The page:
Men are going to stare at other women. That’s a fact. I don’t say this because some survey has been conducted which says 82% of men admitted to staring at other women whilst with their partner (18% clearly lied), I say this because I do it. There’s nothing wrong with appreciating a beautiful person, and it shouldn’t be an issue. People should be comfortable enough in themselves to say “you know what? She is attractive. Congratulations for noticing.” However, I’m chubby, and the fear of every chubby girl is that their partner doesn’t find them attractive enough and wants to trade them in. So whenever my partner catches me giving him a ‘look’ because I’ve caught him staring, the “don’t worry, I don’t mind. I’m not jealous at all” line avoids a massive conflict over something unimportant and trivial. After all, why should he have to pay for my insecurities?

2. “I’m fine.”

This is a statement that all men will hear about 382995 times within their lifetimes. Why? Because it’s easier than having to tell them that actually, when they chose to go for a drink with their pals when you had an evening off, it hurt a little bit. You might have had dinner planned or some grand gesture to show them how much they mean to you because actually, they’re bloody amazing. Or maybe, it’s easier to say I’m fine than get upset because they told you your arse looks huge in that dress you like, or that your diet isn’t working. You want them to know you’re upset, but not chew them to bits. It’s conflict avoidance because usually in that scenario, they’re right.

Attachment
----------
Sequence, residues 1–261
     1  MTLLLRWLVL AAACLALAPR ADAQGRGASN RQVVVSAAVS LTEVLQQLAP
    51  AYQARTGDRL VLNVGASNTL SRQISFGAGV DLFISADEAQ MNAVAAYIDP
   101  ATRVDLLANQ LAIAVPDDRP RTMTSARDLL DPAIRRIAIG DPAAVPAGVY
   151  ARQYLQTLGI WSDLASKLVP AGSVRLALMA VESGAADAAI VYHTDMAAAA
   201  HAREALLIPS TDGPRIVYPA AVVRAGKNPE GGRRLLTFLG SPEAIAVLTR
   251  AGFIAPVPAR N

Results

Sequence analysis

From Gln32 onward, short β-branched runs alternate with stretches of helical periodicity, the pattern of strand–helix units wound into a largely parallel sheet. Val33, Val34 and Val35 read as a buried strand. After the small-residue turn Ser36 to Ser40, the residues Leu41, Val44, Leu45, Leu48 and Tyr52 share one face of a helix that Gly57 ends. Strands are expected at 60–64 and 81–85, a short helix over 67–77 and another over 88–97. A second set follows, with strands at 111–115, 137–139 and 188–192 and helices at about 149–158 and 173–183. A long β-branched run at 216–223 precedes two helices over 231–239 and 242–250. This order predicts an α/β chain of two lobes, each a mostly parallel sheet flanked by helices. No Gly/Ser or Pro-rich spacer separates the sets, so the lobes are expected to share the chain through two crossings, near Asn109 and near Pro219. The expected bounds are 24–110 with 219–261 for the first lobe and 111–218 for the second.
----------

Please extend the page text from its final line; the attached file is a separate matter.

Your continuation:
3. “It doesn’t matter”

“It doesn’t matter” is a hugely versatile statement when it comes to interpretation. Sometimes, ‘it’ actually doesn’t matter. Most of the time however, for me, it does. Usually, it follows me asking someone to do something, them staring blankly back, and then me deciding to just do it myself because I can’t be bothered to explain it again. Or, it follows the age old unintentional insult; something like “you’re filling your jeans out nicely.” Basically, I’ve just been called fat. Rather than explain to the individual who threw the insult at me that I’m upset, I’d rather just go with “it doesn’t matter.” That way, I avoid the blank stares and having to repeat “it doesn’t matter.” I also avoid the “you’re being too sensitive,” “you’re over emotional” or “you’re being such a girl” insults which usually follow. Congratulations, you’re aware of my gender. Perhaps you’ll now start noticing when I get a haircut.

4. “It doesn’t matter how much you earn”

If any girl says this, she is most definitely lying. I’m not a materialistic person at all, but how much my boyfriend earns does matter to me. It’s not initially important, but when the relationship starts to get serious it starts to become important. I’m definitely not saying to ask “how much money do you earn each month before and after tax” on a first date – or at all. I don’t need to know how much, but as a woman who’s considering potentially having babies later on in life I need to know the person I’m choosing to spend my life with is financially secure enough to be able to look after my future family. Someone who sponges off his mother – or worse, me – is definitely not someone I’d want to date. I’ve been asked this question a few times on dates, however, and felt the need to lie every time. I don’t want someone to think I’m a gold digger just because I want to have a secure future.